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Why you could pay more for fuel from midnight

BUSINESS NEWS
By Macharia Kamau | April 14th 2021
Fuel pumps at a petrol station in Nairobi. [File, Standard]

Kenyans could pay more for fuel as the pump prices keep up with the rising cost of crude oil in the international markets.

This is even as they wait to see if the government will take up advice by the International Monetary Fund (IMF) to standardise Value Added Tax (VAT) on petroleum products, which would double the tax rate to 16 per cent from the current eight per cent.

The cost of fuel is likely to go up from midnight, on the account of higher crude oil prices last month.

The Energy and Petroleum Regulatory Authority (Epra) will use the March price   in determining the maximum prices that oil marketers can charge for super petrol, diesel and kerosene.

Public outcry

However, although the market sentiments seem to be bullish over higher pump prices, the State might consider sparing consumers the pain after the previous review drew public outcry.

This was after fuel prices increased by more than Sh7.

Over the month, crude oil prices averaged at Sh6,955 ($65) per barrel. This is up from Sh6 592 ($61.61) per barrel Epra used to compute the current prices.

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Crude oil cost has in the recent past reduced to trade at Sh6,740 ($63) per barrel yesterday.

The Shilling traded at over Sh109 to the US Dollar throughout March and has only strengthened in April to the current level of about Sh107 per dollar.

The reduction in the cost of crude and relatively strong shilling, if sustained throughout April, might hand Kenyans some relief next month, which is if there are no other shocks including a review of petroleum taxes.

If the government yields to pressure by the IMF to align “fuel VAT to the standard rate,” it will be the second time that the State has increased taxes on fuel in under a year.

Last year, the government increased the petroleum development levy to Sh5.40 from 40 cents per litre of super petrol and diesel, which irked Kenyans and saw them fail to enjoy the historical drop in crude oil prices when it sunk to Sh1,819 ($17) on average in April.

“The increase in taxes on the price of petroleum during global downturn of crude prices denied Kenyans a much-needed cushion during the Covid-19 pandemic. As global crude prices have risen to pre-pandemic levels Kenyans are now feeling the inflationary impact of governments taxation policy,” said Charles Wanguhu, coordinator, Kenya Civil Society Platform on Oil and Gas.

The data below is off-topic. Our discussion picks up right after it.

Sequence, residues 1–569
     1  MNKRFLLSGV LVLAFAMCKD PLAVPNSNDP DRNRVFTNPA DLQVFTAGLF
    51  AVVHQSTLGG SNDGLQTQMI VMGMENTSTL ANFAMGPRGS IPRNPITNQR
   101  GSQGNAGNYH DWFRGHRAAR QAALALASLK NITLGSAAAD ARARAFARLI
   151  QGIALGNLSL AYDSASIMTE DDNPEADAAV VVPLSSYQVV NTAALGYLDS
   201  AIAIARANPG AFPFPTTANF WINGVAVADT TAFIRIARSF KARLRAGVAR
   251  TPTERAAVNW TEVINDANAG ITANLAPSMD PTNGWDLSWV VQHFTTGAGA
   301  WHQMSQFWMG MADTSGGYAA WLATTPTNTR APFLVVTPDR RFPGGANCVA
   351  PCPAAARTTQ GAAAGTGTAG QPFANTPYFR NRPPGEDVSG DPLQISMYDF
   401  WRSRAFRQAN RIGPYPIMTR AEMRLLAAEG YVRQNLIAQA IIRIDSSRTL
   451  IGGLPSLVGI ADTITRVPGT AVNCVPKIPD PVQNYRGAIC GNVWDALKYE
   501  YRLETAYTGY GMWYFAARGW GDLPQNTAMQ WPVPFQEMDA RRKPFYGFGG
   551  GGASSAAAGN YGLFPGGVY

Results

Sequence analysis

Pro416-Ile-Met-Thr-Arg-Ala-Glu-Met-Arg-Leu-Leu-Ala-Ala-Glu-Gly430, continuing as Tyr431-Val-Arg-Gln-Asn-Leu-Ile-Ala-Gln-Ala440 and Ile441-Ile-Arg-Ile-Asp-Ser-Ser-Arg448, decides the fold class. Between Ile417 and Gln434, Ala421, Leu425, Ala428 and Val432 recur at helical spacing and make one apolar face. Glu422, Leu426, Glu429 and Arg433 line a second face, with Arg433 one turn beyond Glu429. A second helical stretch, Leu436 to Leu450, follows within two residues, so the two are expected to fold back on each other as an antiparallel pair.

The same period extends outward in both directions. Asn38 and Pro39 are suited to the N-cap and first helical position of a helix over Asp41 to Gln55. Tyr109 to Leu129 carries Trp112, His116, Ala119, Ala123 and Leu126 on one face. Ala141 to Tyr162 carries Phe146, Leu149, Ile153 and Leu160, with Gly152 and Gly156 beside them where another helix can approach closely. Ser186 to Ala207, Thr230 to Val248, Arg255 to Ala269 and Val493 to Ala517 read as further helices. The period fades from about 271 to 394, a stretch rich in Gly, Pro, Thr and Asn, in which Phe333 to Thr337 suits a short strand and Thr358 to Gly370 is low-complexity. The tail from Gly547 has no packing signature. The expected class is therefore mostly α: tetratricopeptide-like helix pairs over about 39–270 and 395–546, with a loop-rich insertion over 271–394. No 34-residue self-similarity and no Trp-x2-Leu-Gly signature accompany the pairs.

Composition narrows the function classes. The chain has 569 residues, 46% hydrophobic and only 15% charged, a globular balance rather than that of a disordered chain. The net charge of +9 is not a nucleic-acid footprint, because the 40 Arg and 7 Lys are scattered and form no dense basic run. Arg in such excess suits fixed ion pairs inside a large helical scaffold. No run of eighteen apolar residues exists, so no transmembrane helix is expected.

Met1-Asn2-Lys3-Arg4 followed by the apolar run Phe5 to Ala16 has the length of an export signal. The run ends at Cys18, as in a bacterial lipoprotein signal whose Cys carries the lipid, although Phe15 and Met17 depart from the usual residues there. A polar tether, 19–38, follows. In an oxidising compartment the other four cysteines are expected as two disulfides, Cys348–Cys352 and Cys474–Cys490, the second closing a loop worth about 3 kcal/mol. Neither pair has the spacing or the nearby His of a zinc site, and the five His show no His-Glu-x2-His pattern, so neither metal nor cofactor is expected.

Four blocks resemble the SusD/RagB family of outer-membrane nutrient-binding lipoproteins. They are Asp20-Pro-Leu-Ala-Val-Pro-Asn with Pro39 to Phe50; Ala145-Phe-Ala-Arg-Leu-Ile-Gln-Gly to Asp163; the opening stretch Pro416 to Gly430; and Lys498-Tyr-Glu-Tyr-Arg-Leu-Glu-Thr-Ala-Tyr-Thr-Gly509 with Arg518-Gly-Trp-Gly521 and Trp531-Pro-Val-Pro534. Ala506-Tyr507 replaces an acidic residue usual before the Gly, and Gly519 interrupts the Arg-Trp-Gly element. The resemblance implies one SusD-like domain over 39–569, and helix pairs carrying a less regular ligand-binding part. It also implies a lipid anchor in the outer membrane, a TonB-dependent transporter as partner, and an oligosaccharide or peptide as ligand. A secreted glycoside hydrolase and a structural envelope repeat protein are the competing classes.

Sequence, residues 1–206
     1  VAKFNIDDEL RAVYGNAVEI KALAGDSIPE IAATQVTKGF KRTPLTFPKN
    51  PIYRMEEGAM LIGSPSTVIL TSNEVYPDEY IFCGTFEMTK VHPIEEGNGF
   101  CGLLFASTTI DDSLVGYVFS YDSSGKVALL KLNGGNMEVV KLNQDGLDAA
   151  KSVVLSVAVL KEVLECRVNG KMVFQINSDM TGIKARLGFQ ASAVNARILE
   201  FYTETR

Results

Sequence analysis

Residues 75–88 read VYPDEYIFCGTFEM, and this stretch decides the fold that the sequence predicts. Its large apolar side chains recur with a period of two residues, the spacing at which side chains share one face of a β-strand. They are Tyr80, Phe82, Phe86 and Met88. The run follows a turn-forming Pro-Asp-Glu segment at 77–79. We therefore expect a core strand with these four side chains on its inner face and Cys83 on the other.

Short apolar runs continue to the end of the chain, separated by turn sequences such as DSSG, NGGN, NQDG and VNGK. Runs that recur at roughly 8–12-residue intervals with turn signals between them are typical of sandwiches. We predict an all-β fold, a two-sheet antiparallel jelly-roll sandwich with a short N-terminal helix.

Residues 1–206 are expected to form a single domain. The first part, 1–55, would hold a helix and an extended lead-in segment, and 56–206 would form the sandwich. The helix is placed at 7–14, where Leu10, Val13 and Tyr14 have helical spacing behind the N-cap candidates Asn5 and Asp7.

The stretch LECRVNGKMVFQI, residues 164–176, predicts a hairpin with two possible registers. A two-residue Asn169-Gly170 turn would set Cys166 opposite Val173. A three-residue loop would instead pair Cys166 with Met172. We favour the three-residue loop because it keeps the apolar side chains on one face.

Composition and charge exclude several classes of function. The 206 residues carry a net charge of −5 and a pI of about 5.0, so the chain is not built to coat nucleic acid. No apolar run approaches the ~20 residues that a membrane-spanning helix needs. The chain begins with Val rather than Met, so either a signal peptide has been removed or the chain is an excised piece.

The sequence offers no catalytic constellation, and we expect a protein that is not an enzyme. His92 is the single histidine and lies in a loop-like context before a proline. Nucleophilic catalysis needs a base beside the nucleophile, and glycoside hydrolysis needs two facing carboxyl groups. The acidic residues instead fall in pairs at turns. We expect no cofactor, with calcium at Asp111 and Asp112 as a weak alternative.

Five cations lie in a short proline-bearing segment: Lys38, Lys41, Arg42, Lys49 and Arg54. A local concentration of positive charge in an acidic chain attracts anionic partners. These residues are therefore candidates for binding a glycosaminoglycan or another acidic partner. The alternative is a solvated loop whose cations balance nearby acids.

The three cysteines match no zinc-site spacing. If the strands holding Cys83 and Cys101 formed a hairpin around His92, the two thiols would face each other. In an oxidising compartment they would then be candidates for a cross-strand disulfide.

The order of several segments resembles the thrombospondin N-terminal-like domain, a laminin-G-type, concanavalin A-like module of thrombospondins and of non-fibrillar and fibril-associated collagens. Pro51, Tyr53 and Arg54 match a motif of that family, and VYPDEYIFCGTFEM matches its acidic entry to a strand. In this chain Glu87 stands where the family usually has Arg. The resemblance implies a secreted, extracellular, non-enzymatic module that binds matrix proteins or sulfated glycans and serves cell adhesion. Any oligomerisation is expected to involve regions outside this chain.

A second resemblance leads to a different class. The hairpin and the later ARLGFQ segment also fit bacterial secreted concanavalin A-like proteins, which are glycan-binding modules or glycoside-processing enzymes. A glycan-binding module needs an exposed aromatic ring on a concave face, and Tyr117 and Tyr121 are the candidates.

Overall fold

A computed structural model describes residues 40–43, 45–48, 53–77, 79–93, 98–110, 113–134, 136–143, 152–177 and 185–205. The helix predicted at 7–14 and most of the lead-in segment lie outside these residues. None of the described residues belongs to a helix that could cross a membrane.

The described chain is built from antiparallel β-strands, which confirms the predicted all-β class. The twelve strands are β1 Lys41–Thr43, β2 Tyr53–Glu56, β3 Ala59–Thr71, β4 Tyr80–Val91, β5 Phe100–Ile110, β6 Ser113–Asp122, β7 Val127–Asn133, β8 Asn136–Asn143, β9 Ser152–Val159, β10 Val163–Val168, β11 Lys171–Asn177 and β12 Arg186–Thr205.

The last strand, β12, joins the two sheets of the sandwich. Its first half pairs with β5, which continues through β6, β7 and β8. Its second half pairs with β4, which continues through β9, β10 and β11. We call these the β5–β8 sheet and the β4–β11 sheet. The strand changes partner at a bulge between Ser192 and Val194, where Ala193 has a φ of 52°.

“It is clear that the government has been using taxation as a tool to service its increasing debt burden. Fuel is an essential good and punitive taxation on the product has a ripple effect on not only directly related sectors like transport, whose price index has gone up by over 18 per cent compared to a similar period last year but also other indirectly related sectors like food security.”

Huge taxes

“With the proposed increment in VAT and increasing international crude oil prices, citizens should expect to see an impact on other frequently utilised household commodities and services such as electricity.”

Petroleum and Mining Cabinet Secretary John Munyes last month defended the high fuel prices, attributing it to high crude oil costs.

He inspired little hope when he told the Senate Committee on Energy that the country should expect a further increase this month as global oil prices go up.

Mr Munyes, however, attributed the high prices in the country to huge taxes on petroleum products in the region, in what appeared to be blaming his National Treasury counterpart.

Taxes and levies are the single largest item charged on fuel, with motorists paying Sh57 as taxes for every litre of super petrol they buy, which is currently retailing at Sh122 in Nairobi.

The landed cost – the product cost when it arrives in Mombasa before taxes, margins and other costs are loaded – is Sh49 per litre.

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